With CSI all the rage on TV and America's love of furniture superstores only growing stronger, the arrival of Court TV's Mobile Investigation Unit this Saturday and Sunday has synergy written all over it. A traveling forensics lab designed to spark kids' interest in high-tech detective work, the MIU will set up shop from 9 a.m. to 5 p.m. during the grand opening of the Nebraska Furniture Mart (1601 Village West Parkway in Kansas City, Kansas). Tracking down footprints and stray hairs and investigating a "caper scene," kids move among the interactive kiosks in search of a hapless family's missing laptop containing dad's prize-winning chili recipe.
While parents argue over a sectional or a sofa bed, Court TV's Frank Lee Forensics -- a crime-fighting Mr. Wizard in lab coat and black plastic frames -- guides junior Quincys through all the steps to break a case, stopping to demonstrate forensics that kids can do at home. Leaving with a new TV and a kid full of this information, you can rest easy knowing that the next time you lose the remote, you'll have someone to turn to.-- Christopher Sebela
Oh No, Mr. Bill!
On Saturday Night Live, the Play-Doh Mr. Bill was a magnet for disaster, always getting his limbs pulled off. When it comes to the Mr. Bill (Bill Wei) in charge of Mad Science, we expect less disaster and more explosions. Mad Science is an organization that makes science fun for kids. And though Mr. Bill has some idea of what the kids who attend the Mad Science shows at Crown Center this Saturday at noon and 2 p.m. might see, he doesn't want to ruin the surprise. But we like his approach to teaching molecules, which involves letting kids build them out of marshmallows and toothpicks. Can the kids eat them later? "If they get hungry, absolutely," he assures us. For information, call 816-274-8444.-- Gina Kaufmann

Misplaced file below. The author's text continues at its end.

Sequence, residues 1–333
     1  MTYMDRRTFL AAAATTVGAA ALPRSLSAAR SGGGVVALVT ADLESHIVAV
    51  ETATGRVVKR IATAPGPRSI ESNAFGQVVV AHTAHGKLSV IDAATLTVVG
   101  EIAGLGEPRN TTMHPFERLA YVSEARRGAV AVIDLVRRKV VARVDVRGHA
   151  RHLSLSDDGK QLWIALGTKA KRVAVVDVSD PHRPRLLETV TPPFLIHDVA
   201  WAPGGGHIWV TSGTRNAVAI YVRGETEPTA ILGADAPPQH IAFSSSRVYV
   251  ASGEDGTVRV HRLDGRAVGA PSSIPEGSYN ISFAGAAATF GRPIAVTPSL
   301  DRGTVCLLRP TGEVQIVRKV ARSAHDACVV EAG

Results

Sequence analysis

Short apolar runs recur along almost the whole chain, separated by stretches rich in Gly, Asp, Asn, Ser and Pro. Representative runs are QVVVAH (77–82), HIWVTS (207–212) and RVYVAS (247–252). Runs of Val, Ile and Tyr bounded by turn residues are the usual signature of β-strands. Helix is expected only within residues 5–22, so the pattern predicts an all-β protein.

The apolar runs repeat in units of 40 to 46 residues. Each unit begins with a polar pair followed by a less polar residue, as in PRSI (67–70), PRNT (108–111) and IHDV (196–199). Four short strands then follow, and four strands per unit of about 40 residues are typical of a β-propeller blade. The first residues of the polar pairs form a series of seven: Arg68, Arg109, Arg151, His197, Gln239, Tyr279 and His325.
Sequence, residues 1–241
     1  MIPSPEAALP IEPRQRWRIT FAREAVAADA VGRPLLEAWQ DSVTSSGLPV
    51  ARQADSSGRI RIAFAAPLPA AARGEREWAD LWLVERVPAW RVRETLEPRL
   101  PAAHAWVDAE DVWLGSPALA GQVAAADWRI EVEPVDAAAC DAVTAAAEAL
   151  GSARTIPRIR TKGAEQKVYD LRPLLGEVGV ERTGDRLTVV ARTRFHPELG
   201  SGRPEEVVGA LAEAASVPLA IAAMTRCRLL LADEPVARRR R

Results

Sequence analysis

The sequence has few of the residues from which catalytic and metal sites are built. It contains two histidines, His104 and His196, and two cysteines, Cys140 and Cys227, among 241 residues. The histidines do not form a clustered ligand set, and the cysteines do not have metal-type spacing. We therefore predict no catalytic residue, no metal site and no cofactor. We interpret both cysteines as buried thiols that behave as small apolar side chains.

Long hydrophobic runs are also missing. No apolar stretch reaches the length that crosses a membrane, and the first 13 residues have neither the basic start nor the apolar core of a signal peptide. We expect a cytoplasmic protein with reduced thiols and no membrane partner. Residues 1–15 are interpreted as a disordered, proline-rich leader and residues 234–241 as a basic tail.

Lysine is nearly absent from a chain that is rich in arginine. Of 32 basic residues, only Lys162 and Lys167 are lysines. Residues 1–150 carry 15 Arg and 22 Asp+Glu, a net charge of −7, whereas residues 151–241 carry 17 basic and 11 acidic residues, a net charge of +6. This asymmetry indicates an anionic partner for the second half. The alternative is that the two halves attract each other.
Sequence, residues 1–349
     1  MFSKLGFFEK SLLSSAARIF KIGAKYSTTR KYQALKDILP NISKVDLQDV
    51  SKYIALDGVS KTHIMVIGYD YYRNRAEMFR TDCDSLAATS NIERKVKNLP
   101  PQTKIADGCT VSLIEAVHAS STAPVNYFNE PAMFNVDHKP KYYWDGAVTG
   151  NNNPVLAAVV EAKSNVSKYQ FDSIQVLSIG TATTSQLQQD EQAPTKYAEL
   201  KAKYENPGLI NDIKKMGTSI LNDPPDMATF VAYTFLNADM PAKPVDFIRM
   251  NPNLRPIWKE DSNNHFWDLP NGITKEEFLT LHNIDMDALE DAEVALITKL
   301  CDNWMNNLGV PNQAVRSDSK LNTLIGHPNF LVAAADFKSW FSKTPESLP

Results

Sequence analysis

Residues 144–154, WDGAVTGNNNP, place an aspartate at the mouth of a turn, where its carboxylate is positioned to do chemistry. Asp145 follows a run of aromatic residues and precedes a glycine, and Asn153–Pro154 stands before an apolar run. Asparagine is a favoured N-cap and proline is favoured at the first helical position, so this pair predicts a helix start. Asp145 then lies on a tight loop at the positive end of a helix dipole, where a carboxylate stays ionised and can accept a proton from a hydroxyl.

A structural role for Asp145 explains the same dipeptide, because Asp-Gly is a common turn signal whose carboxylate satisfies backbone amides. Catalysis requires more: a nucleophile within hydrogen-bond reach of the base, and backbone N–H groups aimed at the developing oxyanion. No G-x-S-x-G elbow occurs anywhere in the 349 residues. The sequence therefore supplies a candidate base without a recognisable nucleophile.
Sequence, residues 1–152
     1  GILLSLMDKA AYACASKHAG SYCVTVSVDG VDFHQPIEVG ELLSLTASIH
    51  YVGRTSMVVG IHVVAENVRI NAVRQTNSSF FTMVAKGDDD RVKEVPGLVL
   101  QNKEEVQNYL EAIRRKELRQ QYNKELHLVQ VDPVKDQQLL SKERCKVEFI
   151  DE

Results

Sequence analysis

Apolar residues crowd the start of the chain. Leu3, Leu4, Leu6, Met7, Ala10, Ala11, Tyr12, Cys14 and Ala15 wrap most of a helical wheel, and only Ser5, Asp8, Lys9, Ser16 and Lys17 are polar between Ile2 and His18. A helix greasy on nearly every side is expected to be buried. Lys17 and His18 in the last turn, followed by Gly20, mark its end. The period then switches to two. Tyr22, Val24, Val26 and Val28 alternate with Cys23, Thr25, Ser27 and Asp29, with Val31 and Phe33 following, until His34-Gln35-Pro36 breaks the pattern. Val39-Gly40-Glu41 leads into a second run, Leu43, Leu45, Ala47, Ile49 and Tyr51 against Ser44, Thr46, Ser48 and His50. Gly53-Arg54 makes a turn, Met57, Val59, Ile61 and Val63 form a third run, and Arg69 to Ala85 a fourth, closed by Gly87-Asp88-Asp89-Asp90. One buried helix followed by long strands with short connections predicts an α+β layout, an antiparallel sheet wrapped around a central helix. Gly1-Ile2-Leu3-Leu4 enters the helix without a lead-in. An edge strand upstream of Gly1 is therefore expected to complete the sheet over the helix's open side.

Tweedle Dum, Tweedle Dee
Alice in Wonderland hits Liberty.
It's the beginning of Alice in Wonderland, and Alice is getting tired of playing with her sister. Then a white rabbit with punctuality issues scampers by, and the curious girl can't help but follow him down his hole. In this adventure-spurring scene, Alice is supposed to fall for a long time. How will the Liberty Performing Arts Theatre (1600 South Withers Road in Liberty) send its young lead actress tumbling without giving her quite a collection of bruises? According to the stage notes, Alice slides into view at the end of her long fall down the rabbit hole. And luckily, the Cheshire Cat narrates the whole thing, so some of the less probable scenes (Alice growing straight through the roof, for example) can unfold in the audience's imagination. The play runs through Sunday. For information, call 816-792-6130.-- Kaufmann